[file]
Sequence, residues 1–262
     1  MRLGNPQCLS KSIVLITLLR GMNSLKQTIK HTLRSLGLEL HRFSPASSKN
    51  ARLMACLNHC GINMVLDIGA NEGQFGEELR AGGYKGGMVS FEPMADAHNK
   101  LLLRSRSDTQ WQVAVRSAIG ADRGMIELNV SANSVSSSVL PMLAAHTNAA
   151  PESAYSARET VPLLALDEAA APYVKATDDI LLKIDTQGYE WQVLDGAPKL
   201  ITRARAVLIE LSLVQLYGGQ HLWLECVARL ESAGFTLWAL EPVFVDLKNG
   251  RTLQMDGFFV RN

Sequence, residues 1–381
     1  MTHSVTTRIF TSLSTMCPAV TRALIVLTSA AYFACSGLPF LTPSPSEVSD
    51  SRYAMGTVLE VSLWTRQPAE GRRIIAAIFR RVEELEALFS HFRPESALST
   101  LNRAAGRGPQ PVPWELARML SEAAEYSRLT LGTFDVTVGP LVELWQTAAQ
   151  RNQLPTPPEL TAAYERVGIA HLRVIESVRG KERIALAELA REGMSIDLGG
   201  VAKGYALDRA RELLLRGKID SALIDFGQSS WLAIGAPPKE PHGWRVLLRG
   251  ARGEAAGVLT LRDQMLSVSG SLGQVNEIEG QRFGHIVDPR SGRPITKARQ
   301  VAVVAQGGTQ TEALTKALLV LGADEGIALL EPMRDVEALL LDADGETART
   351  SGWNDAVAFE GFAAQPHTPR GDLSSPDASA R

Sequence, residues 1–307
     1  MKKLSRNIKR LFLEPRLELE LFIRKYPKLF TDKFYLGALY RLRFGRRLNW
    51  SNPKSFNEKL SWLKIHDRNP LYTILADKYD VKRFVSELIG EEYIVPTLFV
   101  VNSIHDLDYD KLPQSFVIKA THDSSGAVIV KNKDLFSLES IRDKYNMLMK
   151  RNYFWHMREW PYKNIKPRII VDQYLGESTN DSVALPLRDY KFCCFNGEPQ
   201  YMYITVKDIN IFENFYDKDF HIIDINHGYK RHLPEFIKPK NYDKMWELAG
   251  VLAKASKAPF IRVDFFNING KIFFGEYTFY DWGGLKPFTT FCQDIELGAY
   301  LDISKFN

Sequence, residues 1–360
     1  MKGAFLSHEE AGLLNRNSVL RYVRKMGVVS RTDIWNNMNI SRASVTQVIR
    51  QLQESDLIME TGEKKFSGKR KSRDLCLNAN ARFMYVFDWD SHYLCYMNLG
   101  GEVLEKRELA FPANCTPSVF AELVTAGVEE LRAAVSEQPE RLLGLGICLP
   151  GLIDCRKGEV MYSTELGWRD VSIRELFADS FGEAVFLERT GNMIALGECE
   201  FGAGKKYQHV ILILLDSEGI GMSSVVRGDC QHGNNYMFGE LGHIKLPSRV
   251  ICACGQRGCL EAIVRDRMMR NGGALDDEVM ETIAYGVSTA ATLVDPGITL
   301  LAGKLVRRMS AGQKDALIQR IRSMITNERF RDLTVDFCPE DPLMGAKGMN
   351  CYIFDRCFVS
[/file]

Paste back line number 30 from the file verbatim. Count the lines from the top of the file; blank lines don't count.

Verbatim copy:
   201  FGAGKKYQHV ILILLDSEGI GMSSVVRGDC QHGNNYMFGE LGHIKLPSRV